“What’s the best way to be a good public servant?”, ponders Tan Chia Han, Director of Technology and Industry Policy in the newly set up Digital Industry Singapore (DISG).
To him, one of the ways was to embed himself in the e-commerce industry which he would later create policy on. This involved a radical career shift from commander of the Tanglin Police Division to a yearlong work attachment at e-commerce giant Lazada.
“We do need to understand the space in terms of the strategy, the challenges, where it’s moving, and how do we as government need to respond,” Tan tells GovInsider. “I thought that if I could do a one-year work attachment in a company to get exposure in these areas, this will be a lot more value add to the public service.”
The value of ecommerce
A work attachment to the private sector is not a common career option for civil servants. Rather than pursue the conventional route of a master’s degree in public administration, Tan created a new path. “The Public Service Division engaged me about my next move. There was a process of trying to match opportunity with my skill sets and inclinations.”
Lazada is a strong contender in the e-commerce industry: a regional player, majority owned by Alibaba Group – which offered an opportunity to work with counterparts in China, he continues. “This move offers you to be in a very different space, where you can learn very different things. When you bring it back, it will equip you with a different perspective, different skills to the team,” he says.
The digital economy in Southeast Asia is booming – according to projections, it could be worth as much as $240 billion by 2025. In Singapore, small and medium-sized enterprises make up the bulk of the economy, contributing to 65 percent of employment. The government has in recent years moved to help local businesses make full use of digital technologies and opportunities.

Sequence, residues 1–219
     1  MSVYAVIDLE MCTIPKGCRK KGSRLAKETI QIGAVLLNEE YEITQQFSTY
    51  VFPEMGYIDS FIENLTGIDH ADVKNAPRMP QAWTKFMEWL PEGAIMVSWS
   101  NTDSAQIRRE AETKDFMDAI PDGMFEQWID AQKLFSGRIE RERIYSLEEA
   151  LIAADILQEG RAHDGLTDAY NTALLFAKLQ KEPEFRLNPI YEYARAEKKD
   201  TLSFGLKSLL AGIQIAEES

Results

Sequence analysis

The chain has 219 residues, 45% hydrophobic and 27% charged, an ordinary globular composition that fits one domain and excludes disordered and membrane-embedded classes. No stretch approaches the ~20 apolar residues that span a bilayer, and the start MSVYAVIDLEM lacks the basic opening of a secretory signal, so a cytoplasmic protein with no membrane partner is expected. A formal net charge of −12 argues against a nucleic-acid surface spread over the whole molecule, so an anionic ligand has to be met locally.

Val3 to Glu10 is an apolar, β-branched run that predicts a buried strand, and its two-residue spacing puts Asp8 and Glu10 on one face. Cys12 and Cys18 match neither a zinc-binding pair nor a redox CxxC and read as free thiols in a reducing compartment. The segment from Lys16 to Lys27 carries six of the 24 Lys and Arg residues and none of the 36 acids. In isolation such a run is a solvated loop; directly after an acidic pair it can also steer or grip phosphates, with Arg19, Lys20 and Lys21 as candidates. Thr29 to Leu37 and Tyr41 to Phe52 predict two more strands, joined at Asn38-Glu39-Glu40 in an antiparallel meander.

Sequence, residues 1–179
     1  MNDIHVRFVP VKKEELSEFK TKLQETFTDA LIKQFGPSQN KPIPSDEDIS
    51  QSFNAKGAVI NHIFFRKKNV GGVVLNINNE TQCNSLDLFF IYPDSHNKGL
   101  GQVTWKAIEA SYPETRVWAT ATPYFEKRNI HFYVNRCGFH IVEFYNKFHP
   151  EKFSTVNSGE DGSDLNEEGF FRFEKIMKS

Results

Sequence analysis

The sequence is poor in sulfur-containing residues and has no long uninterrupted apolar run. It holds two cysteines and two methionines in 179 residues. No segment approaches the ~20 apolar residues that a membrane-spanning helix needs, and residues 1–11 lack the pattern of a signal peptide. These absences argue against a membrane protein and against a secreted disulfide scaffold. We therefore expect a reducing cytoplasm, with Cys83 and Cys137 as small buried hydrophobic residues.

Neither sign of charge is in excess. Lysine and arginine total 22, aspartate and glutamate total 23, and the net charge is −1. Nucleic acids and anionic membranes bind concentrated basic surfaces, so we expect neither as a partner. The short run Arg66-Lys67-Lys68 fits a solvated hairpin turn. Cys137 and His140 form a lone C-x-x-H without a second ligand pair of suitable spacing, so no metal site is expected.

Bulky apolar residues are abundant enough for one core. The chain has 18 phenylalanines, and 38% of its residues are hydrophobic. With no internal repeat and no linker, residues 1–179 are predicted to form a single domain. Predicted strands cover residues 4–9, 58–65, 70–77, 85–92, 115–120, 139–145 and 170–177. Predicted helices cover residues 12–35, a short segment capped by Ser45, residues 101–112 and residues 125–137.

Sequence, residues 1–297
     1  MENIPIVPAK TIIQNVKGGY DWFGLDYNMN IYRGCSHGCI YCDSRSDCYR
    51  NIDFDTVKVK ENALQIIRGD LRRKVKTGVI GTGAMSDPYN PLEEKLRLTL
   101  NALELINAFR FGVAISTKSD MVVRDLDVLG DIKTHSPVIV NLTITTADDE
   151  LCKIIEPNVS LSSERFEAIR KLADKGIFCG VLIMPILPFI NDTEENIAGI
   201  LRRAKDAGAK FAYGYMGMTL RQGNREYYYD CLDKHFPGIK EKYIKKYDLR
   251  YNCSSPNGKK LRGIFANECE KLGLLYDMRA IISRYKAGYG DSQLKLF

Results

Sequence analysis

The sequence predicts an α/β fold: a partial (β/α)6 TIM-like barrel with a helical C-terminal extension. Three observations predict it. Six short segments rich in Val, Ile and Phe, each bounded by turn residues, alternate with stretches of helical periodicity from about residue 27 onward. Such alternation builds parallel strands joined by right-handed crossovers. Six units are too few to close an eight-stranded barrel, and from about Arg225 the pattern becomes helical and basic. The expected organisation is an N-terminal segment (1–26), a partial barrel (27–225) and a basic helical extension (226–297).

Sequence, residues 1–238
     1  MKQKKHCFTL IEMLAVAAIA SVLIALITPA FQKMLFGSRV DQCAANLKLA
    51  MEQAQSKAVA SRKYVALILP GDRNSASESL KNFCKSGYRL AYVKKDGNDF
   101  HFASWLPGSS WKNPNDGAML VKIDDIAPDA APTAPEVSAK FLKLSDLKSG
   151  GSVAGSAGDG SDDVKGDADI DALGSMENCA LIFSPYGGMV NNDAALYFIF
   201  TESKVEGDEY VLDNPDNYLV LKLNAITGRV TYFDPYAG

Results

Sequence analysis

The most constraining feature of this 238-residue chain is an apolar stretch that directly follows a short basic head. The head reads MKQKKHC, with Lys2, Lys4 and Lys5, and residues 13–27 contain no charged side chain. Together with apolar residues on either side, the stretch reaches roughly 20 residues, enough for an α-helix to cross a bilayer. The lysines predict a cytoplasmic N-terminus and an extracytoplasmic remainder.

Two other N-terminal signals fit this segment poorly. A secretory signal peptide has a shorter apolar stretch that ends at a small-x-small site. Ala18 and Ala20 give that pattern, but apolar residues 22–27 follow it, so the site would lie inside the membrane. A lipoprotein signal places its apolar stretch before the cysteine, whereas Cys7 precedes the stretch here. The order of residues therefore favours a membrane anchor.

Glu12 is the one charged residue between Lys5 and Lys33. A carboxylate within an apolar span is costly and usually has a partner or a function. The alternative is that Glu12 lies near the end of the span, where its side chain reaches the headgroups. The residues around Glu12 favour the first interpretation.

Lessons from Lazada
Tan shares several key takeaways from his time at Lazada. The most significant one is customer-centricity: ecommerce companies place immense importance on the customer experience to stay afloat in a highly competitive industry.
Lazada’s parent company Alibaba has local partners whose sole purpose is to help sellers set up an online business. “Maybe you have a shop but you don’t know how to go online. You have no bandwidth for customer relations, delivery, inventory, complaints,” Tan explains. These partners bring local expertise, hire people, deliver products, make the inventory and build flagship stores for these companies. This ultimately enhances customer experience all around.
Tan also observed the way that Lazada rewards performance, championing individuals for their skills, and not necessarily their status or job title. “It really is regardless of age. So you can see very young people in charge of big responsibility, a big team,” he points out.
In Lazada, decision-making is a team effort. Leaders will gather regularly to agree on project agendas and execution, moving more quickly than how public service typically does it, Tan says. “For a smaller, tighter and flatter organisation they do it once a week, and that helps.”
The insider view
This experience was certainly a far cry from investigating crimes, or working with the US Secret Service during the Trump-Kim summit. “I was exposed to almost all facets of the work. Legal, risk management, finance considerations, operational considerations, cultural considerations,” Tan explains. “How Lazada and Alibaba work, the challenges that they face, and underlying thinking behind their strategies.”
This experience has informed his new role at the newly set up Digital Industry Singapore, from where he advises other government agencies on how policies might impact the ecommerce industry. “The whole ecosystem includes payments, logistics, trade, connectivity,” Tan points out.
The unit was set up to “get a sense of how the digital industry is moving, in which direction, what are the challenges”. “Collectively, we look at driving the growth of the digital industry in Singapore,” says Tan. The unit is a collaboration between the Infocomm Media Development Authority, the Economic Development Board and Enterprise Singapore.
Tan’s decision to move from cop to commerce was a bold and uncommon move, but the payoff is clear. Something to keep in mind for your next meeting with HR.